I want to say a few words about curriculums. In college, you have classes within subjects that require cumulative knowledge. You learn in a sequence: Biology 101, 102, 201, 202... and you cannot skip a course to enter a higher level without proving your knowledge via a placement exam, or learning (class time) and evaluation (exams). If a college student took a semester off, or a year off, from attending classes, would we assume that this same student could enter a higher level class? If they skipped weeks of classes, would we expect them to have the same knowledge and understanding of the subject matter as the person with excellent attendance? The same applies to dance.

Curriculums are designed to provide knowledge and specific skills in stages. The information is cumulative on purpose. Different curriculums in ballet, modern, or jazz will train different details in arm placement, head placement, torso placement, and artistic style even though all curriculums support the same fundamental techniques.

Ancillary Training Programs

Ancillary programs for the dancer help bridge the gap in strength and neurological pathways that may be missing otherwise, and work very much like how cross-training works for the athlete. Since the intention of these programs is to create and sustain a strong physical environment within the body, and the success of these programs rely upon the concept of muscle memory, it only makes sense that ancillary programs be developed and lead by qualified individuals .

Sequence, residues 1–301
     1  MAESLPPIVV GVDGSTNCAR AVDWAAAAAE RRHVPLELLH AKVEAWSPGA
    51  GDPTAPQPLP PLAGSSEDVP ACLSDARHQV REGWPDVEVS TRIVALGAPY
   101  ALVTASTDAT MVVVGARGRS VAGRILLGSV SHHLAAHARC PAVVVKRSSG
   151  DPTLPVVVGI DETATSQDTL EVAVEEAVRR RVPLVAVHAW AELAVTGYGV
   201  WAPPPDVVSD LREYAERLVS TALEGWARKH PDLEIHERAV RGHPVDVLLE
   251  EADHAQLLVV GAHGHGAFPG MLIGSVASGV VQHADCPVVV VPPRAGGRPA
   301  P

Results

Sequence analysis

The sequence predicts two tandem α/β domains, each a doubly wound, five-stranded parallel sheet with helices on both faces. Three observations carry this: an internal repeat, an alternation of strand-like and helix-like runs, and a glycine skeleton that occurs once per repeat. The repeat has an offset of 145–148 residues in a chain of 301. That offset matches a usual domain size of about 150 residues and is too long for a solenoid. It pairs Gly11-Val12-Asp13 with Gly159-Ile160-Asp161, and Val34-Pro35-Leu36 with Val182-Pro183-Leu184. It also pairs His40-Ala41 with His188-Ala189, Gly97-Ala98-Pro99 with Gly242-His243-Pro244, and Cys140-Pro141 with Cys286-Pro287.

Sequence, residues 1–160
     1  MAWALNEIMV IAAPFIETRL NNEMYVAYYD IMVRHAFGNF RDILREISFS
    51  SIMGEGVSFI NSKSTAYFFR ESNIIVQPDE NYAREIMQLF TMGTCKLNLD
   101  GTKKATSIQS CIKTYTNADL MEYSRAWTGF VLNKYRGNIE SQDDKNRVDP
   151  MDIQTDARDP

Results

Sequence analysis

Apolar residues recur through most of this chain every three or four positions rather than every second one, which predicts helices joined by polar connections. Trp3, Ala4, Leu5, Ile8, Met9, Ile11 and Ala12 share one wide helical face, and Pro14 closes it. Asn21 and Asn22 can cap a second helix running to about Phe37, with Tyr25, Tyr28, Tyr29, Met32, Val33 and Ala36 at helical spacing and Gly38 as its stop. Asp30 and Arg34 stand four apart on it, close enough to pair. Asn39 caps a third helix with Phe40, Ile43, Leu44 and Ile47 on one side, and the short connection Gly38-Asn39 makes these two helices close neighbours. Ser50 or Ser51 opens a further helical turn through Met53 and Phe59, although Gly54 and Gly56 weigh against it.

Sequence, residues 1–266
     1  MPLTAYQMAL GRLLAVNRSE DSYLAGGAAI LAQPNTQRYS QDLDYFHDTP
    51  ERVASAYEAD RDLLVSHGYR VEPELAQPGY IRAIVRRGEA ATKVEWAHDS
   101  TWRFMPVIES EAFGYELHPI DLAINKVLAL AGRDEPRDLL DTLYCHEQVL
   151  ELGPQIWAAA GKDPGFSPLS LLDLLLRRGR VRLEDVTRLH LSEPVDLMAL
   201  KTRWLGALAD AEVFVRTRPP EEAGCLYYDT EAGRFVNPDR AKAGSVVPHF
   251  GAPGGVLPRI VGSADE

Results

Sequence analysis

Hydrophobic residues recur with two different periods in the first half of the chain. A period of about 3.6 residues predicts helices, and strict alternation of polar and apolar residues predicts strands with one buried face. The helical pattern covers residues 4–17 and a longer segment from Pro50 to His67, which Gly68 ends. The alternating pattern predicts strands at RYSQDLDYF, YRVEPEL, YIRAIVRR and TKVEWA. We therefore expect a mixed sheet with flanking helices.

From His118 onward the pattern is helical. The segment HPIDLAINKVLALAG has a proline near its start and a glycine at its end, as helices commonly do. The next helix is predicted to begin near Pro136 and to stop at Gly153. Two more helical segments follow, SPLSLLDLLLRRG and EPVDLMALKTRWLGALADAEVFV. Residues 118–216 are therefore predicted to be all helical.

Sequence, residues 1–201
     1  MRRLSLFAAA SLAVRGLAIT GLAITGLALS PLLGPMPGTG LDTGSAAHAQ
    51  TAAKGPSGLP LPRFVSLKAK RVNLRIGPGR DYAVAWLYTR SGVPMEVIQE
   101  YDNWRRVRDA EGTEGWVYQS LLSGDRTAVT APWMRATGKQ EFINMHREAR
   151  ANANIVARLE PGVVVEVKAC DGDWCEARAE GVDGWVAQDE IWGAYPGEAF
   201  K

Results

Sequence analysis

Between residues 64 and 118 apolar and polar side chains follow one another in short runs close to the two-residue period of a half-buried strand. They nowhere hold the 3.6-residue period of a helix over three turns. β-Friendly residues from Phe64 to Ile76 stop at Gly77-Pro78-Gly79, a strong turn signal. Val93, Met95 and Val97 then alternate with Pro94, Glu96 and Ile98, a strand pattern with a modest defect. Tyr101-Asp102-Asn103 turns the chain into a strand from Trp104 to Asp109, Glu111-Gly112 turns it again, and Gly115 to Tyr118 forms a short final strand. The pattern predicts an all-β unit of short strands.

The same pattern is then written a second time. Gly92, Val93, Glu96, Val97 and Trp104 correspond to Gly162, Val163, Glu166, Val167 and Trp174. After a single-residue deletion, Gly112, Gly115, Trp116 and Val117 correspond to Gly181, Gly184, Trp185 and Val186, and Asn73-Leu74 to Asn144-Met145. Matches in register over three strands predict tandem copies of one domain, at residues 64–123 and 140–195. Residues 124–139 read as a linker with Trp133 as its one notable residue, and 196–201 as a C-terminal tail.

It is important to note that ancillary programs cannot and should not replace regular dance classes. Dance technique and performance is not trained into the body via ancillary training programs. It is only trained into the body by attending classes that focus is on developing the dancer over time.

Types of Ancillary Programs

Progressing Ballet Technique is an ancillary training program founded by Marie Walton-Mahon, who worked alongside a team of physiotherapists while putting this program together. Physiotherapists abroad are equivalent to Physical Therapists and Certified Athletic Trainers in the United States, and these professionals spend years in school, attend specific hours of required practicums, then sit for a three-hour licensing exam, and attend additional classes every few years to maintain their license. These professionals oftentimes move on attain advanced degrees as well. And, although Certified Athletic Trainers and Physical Therapists have been working with dancers and dance companies for more than 25 years, it is nice to see an ancillary program designed to support ballet dancers, specifically.